Sound Dust: Do No Harm

Created by theatre director Jamie Harper and radio producer Sasha Yevtushenko
Theatre 503

Theatre 503 is a welcoming theatre on a small and informal scale. Enticing sofas litter the bar creating a homely atmosphere.

The theatre itself has a cinematic feel, with the stage at the lowest part with the audience seated in staggered seating increasing in height.

Director Jamie Harper offers us a thoughtful production portraying the experiences of a modern couple under pressure. Billed as a mini-morality play, Sound Dust is an improvisation, using mixed media including conventional acting, radio style backing and dramatic all encompassing light and darkness effects.

Harper uses a special technique to shape the performance that he calls 'beat structure'. He explains his concept, which possibly owes something to Mike Leigh:

"Through improvisation work in rehearsals the shape of a given scene becomes progressively more honed so that without ever having to script the action, the actors have a clear sense of how one event leads to another to develop the story and move it forwards.

"By repeating and tightening the 'beat structure' the actors become able to replicate the action time after time so that they can re-tell the story consistently from one performance to another while still holding onto the spontaneity of improvisation".

The protagonist Ollie is played by two actors (Ben Smith and Ciaran McConville), symbolising the character's duality and the ambiguous divide between right and wrong in the play.

Smith delivers an earnest but at times over-enthusiastic performance, frequently relying on the use of expletives to emphasise Ollie's panic and terror at a hit and run crime committed moments earlier.

A ghostly vision of the second self is created through the use of an opaque screen, which the actors perform both in front of and behind. This device portrays the division between the internal dialogue in Ollie's head and the decisions he makes in the exterior world.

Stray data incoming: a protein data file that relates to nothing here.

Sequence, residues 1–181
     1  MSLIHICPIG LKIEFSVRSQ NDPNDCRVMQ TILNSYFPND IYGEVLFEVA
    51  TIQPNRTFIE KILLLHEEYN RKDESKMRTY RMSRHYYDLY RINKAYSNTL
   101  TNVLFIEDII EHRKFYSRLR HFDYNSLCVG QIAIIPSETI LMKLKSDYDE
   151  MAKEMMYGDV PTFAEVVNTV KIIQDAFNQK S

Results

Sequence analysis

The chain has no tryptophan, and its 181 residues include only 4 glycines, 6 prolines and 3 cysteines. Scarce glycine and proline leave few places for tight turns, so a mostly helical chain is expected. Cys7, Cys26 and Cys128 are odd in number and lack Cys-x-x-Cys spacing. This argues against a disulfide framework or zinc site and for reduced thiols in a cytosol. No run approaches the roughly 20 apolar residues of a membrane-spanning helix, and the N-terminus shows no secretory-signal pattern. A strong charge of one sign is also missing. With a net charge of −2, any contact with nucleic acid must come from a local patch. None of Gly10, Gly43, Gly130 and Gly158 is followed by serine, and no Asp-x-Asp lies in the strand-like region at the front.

Susannah Fiore plays the anxious mistress Kathy. Overall a reasonably convincing performance with the hint of inexperience - Fiore could benefit from relaxing into the role more which would help to overcome the sense that there is in fact a dividing line between the actress and her character.

Shereen Martineau on the other hand is both riveting and convincing as Jamie, the loyal and suffering wife of Ollie. Martineau has the ability to present herself as the character she is playing with no perceptible division and delivers a stellar performance.

In the final passionate scene, that made the most of the intimate space of Theatre 503, Martineau was at least equal to McConville's tempestuous Ollie. With powerful performances from both, it succeeded by reflecting all of the spontaneity of a genuine argument.

Possibly thanks to Jamie Harper's use of improvisation, a striking element of this play was its sympathy with the human condition. All of the characters involved make some morally dubious decisions but the audience is compelled not to judge them harshly.

This production beautifully articulates the fallibility of humanity in the face of temptation and behaviour under pressure. One would hope to avoid making the same choices as the characters in this play but it leaves you with the uncomfortable question, what would I do?

Reviewer: Eva Ritchie

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